Get to know your running shoes


So, you’ve decided to take up running. That is the first step. The second step is finding the perfect pair of running shoes that are functional and cute all at the same time. Did you know that there is a science to the running shoe, and not just any old shoe will do? We want to help you understand your shoes and why they are important. Read on to take a look at the anatomy of the running shoe and how to find the perfect one for you!

First, understanding the anatomy of the running shoe will help you shop and buy the perfect set of kicks for you. Not every shoe is made equal and you need to know what to look for. If you buy a great pair of runners, they could last you up to 500 miles. 

Anatomy from heel to toe

The midsole- This is where you will find all of the cushioning and foam, and is the most important part of the running shoe. If you want a more supportive shoe, you need something with a denser foam. This will help to absorb any impact on your feet and body that results from running on hard surfaces. 

Heel Counter- This is the part of the shoe that cups your heal. This is probably the next most important part of the shoe because a lot of stability is built into this spot.   When purchasing shoes, try squeezing this spot. The more it resists, the more support and ease you’ll have on your run.

The outsole- This is the bottom of the running shoe, where the tread thickness will vary depending on whether the shoes are designed for pavement runs or for trail runs. Trail shoes usually come with a thicker, deeper tread to better get a hold of the ground and give you more traction.

Flex point- This is the part of the shoe that bends the most easily. In a good shoe, this part should line up perfectly with the widest part of your foot. If this section does not bend enough, that means that your foot can not go through its normal range of motion. This can often lead to shin splints and other injuries.

Toe box- This is the part of your shoe where your toes and the ball of your foot should fit. You want to be certain that the toe box is wide enough and doesn’t feel constricting in any way. A good rule of thumb to follow is this: If you feel any kind of pressure on either side in to the toe box, you are probably going to end up with blisters.

Finding the right shoe

  • Price

A good pair of running shoes won’t be cheap. Expect to pay anywhere from $100-$150 dollars. This is pretty standard and actually pretty reasonable. 

  • Longevity

Your running shoes should last you up to 500 miles, or for about 6 months. It is recommended that you return to the store every so often and try on the newest version of your shoes. If they feel the same, it probably isn’t time to upgrade. If they do feel different, you should buy the newer version.

  • Buying the right pair

The best time to try on running shoes is after a run or workout while your foot is at its biggest size. Bring some socks you usually work out in so that it matches what you would wear for a gym day. Give the shoes a test drive by either using the store’s  treadmill or going for a quick jog down the hall so you can get a feel for them. Keep in mind that a running shoe should fit perfectly and you should never feel like you need to break them in.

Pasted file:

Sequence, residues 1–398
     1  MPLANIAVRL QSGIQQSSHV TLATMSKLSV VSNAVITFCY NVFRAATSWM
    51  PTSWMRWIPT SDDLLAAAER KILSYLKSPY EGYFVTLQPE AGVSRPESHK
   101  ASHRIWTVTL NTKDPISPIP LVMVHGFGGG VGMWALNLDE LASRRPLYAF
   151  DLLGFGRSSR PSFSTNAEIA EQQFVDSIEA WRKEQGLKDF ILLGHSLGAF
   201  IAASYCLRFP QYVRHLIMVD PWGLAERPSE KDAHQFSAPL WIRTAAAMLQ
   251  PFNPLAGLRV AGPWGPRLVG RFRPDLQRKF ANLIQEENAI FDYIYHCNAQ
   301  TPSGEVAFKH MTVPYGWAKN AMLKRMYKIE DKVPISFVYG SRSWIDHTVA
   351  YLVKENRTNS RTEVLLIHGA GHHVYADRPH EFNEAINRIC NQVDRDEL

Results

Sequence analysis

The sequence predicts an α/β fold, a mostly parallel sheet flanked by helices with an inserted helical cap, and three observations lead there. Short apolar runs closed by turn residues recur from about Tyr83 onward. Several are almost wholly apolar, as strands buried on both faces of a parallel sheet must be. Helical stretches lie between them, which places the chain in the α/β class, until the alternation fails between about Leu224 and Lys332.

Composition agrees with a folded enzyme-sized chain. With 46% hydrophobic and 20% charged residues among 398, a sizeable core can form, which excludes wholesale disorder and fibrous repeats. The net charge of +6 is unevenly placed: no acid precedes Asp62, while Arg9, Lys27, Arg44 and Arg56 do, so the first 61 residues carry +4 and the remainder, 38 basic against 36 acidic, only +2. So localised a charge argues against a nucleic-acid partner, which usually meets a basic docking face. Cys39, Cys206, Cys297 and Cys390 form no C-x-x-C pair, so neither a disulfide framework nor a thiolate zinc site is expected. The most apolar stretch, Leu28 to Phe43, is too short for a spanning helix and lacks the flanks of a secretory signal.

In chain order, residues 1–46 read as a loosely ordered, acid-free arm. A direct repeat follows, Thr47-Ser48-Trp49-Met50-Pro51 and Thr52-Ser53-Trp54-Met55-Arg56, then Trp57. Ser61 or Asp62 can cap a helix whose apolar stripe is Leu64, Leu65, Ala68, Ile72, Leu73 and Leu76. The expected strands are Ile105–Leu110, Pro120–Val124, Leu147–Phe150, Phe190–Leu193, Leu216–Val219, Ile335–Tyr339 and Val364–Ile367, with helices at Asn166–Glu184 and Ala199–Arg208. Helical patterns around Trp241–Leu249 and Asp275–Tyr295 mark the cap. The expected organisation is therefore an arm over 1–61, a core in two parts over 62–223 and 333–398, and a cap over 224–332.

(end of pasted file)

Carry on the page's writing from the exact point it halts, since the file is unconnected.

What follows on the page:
3 questions to ask yourself

  1. Does your heel slip in and out when you walk? To avoid blisters, the heel counter should be comfortable and snug to your foot, your heel shouldn’t slip at all. 
  2. Is there room at the end of your toe? Your foot will always need a bit of space to move forward, so we recommend a full thumbs length between the tip of your toe and the end of the shoes. If there is no space to move, you may damage your foot or bruise your toenails. 
  3. Does any material rub up against your ankle? Feel around, you do not want any portion of the shoe rubbing against your ankle, you want it to be able to move as freely and easily as possible. 

Above anything else, make sure you feel comfortable in your running shoes and make sure you can picture yourself in them for miles and miles (about 500) to come. You have to look at running shoes as an investment. You get what you pay for, so don’t be afraid to spend a little cash, you won’t regret it. Having the right pair of shoe will make the world of a difference and may just be what sends you from a bad run, to a great run.

For more posts on running check these out:
13 Benefits of Running

How to: Become a Runner

Photo Credits: 1,3 Lauren Hardy 2 Robert

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Lauren Hardy

Lauren is a new mom living in Toronto, Canada. When she is not at home being a mom, she is working full time as a model, playing competitive baseball, and working on her personal blog. In her “spare” time, Lauren is aspiring to become a childbirth educator. You can find her at Lauren Hardy Blog

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